California Surpasses Customer-Installed Solar Goal

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By Carolyn Whetzel

July 6 — Customers of California's three investor-owned utilities installed a record 1,041 megawatts of solar capacity in 2015, beating by more than half the capacity installed in 2014, state utility regulators said.

Customer solar installations increased in 2015 even without rebate incentives, the California Public Utilities Commission said in its annual report for the portion of the California Solar Initiative that it oversees.

The new solar capacity means the California Solar Initiative's general market program has surpassed its goal of installing 1,750 megawatts by 2017, according to the CPUC. In fact, the general market program has installed 1,753.6 megawatts and another 139.7 megawatts is expected in pending projects, the report said.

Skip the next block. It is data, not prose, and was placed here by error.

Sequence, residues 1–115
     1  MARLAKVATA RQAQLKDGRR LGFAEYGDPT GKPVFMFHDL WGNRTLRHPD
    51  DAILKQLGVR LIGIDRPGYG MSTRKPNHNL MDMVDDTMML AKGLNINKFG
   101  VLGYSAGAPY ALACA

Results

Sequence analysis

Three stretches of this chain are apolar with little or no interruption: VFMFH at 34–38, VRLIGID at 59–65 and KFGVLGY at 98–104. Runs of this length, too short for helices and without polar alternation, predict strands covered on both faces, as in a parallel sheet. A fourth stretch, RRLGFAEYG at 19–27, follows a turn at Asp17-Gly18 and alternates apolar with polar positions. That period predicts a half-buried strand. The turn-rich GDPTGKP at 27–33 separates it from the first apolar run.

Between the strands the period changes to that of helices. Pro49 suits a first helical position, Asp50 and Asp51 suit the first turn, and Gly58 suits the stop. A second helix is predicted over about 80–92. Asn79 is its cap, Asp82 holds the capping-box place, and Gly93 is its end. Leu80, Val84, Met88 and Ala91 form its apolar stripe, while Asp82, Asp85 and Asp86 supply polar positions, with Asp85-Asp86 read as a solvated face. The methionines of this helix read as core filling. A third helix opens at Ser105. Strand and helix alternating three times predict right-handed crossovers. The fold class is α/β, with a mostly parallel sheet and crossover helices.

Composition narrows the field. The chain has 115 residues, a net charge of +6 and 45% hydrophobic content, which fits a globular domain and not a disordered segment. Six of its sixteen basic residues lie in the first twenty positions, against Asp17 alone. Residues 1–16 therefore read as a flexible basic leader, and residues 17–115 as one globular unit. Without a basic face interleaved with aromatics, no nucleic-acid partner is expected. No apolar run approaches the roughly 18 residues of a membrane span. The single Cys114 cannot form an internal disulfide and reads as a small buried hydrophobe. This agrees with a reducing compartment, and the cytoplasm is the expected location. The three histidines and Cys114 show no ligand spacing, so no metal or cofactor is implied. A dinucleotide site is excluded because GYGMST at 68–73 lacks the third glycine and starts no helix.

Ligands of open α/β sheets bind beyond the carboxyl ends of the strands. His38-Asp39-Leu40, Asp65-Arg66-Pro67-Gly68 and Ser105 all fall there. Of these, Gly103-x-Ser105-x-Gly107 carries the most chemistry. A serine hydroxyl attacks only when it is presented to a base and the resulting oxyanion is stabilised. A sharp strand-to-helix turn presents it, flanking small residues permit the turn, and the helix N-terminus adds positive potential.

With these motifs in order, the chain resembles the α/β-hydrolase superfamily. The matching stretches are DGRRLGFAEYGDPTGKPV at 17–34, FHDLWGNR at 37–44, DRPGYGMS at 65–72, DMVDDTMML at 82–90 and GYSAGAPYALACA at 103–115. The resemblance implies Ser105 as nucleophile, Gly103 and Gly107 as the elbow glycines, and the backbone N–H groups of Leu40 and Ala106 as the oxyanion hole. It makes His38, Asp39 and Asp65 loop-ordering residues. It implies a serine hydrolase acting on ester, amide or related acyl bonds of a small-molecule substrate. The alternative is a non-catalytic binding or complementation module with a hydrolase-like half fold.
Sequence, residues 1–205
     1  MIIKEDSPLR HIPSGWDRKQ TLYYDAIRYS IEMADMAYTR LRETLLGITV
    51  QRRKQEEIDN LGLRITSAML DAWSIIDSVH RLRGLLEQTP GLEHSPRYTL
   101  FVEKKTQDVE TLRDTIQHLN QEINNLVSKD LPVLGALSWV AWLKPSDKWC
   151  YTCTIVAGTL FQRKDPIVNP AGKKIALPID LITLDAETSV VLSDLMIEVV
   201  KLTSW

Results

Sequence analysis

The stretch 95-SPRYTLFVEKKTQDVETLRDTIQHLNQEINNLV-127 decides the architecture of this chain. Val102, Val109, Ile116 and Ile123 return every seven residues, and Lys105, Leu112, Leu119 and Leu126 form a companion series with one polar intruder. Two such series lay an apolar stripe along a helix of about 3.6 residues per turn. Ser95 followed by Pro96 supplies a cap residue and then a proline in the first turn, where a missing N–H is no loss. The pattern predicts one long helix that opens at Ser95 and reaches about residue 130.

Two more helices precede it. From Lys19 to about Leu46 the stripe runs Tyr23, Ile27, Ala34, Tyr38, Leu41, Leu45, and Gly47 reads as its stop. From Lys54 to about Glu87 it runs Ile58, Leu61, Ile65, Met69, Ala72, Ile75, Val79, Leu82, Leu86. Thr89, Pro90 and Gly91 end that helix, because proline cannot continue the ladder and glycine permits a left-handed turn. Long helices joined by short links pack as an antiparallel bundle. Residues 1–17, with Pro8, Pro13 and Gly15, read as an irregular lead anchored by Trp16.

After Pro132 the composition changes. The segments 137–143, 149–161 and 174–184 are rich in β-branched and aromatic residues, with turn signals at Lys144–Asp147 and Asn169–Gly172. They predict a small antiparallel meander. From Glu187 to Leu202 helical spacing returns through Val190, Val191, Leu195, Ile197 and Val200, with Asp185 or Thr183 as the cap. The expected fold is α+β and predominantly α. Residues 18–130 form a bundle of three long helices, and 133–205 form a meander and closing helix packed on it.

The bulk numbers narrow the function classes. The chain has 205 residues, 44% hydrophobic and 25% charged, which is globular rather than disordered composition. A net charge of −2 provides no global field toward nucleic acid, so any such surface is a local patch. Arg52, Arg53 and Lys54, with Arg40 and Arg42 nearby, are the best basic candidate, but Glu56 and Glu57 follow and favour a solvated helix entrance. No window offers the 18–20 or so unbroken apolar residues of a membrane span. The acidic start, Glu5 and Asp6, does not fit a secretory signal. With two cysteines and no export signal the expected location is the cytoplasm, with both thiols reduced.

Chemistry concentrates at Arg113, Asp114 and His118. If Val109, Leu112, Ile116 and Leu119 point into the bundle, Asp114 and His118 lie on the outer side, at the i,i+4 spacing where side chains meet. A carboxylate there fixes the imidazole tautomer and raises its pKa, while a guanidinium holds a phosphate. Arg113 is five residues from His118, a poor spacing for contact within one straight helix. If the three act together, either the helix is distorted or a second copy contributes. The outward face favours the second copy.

In total, California Solar Initiative programs installed an estimated 3,570 megawatts of solar capacity at 451,597 customer sites in the territories of Pacific Gas & Electric Co., San Diego Gas & Electric and Southern California Edison. The increased capacity reflects the drop in the cost of residential solar systems, according to the commission.

Between 2008 and 2014, the average cost of installed residential systems dropped 53 percent, from $10.87 a watt to $5.14 a watt, the report said. The average cost of nonresidential systems decreased 62 percent, from $10.30 a watt to $3.93 a watt.

Launched in January 2007, the goal of the initiative is to install 3,000 megawatts of new energy systems during the next 10 years.

To contact the reporter on this story: Carolyn Whetzel in Los Angeles at

To contact the editor responsible for this story: Larry Pearl at

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